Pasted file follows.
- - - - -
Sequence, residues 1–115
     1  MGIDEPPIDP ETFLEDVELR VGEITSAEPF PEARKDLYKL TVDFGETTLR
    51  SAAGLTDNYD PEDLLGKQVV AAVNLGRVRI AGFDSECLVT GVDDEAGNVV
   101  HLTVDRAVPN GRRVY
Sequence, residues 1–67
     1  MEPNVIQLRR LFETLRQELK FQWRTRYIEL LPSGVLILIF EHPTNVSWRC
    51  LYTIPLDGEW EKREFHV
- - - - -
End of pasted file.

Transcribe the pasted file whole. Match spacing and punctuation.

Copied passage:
Sequence, residues 1–115
     1  MGIDEPPIDP ETFLEDVELR VGEITSAEPF PEARKDLYKL TVDFGETTLR
    51  SAAGLTDNYD PEDLLGKQVV AAVNLGRVRI AGFDSECLVT GVDDEAGNVV
   101  HLTVDRAVPN GRRVY
Sequence, residues 1–67
     1  MEPNVIQLRR LFETLRQELK FQWRTRYIEL LPSGVLILIF EHPTNVSWRC
    51  LYTIPLDGEW EKREFHV